Popular Music Of The Olden Time Vol 2

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THE COMMONWEALTH.                                                437
King George," in A Collection of State Songs, Poems, £c, that have been •pub­lished since the Rebellion, and sung at the several Mug-houses in the cities of London and Westminster, 1716.
The copy of the ballad in Mr. Payne Collier's Collection is entitled " The King enjoys hia own again. To be joyfully sung with its own proper sweet tune." The burthen of that, and of the Eoxburghe copy, is " When the King comes home in peace again," instead of "enjoys his own again," as in The Loyal Q-arland. Neither of the ballads has any date or publisher's name; and therefore both were in all probability, privately printed during the civil war. The Roxburghe copy has " God save the King, Amen," in large letters at the end.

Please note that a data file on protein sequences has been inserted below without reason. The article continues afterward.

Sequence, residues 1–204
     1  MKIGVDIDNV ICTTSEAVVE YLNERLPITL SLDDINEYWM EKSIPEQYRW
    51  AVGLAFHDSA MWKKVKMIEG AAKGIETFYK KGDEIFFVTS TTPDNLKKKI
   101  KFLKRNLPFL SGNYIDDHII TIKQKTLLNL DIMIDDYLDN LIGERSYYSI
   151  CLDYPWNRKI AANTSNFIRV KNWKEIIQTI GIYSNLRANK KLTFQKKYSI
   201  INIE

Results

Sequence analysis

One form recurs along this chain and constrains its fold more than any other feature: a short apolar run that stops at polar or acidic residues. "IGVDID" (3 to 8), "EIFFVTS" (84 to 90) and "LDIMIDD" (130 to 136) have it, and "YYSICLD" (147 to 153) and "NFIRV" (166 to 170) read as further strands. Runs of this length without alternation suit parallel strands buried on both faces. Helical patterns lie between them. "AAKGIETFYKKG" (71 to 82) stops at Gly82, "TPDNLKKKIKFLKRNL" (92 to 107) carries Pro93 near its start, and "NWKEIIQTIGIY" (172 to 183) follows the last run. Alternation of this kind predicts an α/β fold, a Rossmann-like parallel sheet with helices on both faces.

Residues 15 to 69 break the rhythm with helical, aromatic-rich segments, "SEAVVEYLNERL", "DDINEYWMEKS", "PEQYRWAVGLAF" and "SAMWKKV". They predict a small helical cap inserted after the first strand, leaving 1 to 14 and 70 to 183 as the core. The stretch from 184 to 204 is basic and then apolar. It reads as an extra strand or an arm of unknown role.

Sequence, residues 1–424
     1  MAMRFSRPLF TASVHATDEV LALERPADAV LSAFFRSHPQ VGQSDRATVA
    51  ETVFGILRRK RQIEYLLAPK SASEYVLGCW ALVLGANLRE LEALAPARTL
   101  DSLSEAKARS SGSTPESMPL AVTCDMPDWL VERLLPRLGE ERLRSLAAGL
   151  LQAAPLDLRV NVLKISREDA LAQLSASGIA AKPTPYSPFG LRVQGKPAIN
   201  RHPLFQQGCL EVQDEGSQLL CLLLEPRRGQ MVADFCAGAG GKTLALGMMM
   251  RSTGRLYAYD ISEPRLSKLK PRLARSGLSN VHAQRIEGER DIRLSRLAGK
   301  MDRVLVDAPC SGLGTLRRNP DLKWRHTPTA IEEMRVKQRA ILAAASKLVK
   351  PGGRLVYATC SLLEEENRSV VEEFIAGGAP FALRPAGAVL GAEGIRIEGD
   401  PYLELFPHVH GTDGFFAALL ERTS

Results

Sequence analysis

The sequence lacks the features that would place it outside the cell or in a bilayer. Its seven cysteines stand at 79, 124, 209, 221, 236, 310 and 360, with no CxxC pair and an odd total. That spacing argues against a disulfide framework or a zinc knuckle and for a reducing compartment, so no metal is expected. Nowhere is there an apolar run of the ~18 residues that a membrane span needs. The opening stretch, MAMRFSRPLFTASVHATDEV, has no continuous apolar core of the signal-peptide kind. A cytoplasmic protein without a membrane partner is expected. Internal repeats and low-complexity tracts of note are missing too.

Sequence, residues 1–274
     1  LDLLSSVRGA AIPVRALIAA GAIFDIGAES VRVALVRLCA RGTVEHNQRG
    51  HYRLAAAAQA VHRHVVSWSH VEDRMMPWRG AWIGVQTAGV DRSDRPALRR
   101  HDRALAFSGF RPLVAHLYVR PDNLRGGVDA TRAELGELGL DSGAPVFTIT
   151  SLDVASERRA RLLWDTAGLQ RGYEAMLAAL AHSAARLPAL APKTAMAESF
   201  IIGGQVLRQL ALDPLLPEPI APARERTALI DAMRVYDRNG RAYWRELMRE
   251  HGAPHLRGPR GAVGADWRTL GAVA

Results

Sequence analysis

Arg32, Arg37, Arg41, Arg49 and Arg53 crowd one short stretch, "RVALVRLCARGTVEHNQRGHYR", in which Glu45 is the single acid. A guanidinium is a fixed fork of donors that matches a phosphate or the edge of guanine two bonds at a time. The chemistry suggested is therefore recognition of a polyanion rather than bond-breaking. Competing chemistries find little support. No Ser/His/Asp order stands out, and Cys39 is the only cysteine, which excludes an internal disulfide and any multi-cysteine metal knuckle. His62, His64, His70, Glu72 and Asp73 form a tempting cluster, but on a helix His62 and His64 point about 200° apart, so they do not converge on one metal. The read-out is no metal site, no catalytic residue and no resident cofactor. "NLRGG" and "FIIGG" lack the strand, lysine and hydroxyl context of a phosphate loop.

There's neither Swallow, Dove, nor Dade,*      The man in the moon may wear out his shoou,
Can soar more high, or deeper wade;               By running after Charles his wain :
Nor shew a reason from the stars,                     But all's to no end, for the times will not mend
What causeth peace or civil wars:                    Till the King, &c.
• Booker, Pond, Rivers, Swallow, Dove, Dade, and      printed in 1711, entitled "The ballad of The King thall
Hammond, whose namea are mentioned in the ballad,      enjoy his own again ; with alearned comment thereupon."
were all astrologers and almanack-makers. Ritson copies      The account there given of Booker does not agree with
his notei about Booker and others from a small jjamphlet      that of William Lilly, quoted in a note to Dodsley's Old







E-Book - An Annotated Compendium of Old Time American Songs by James Alverson III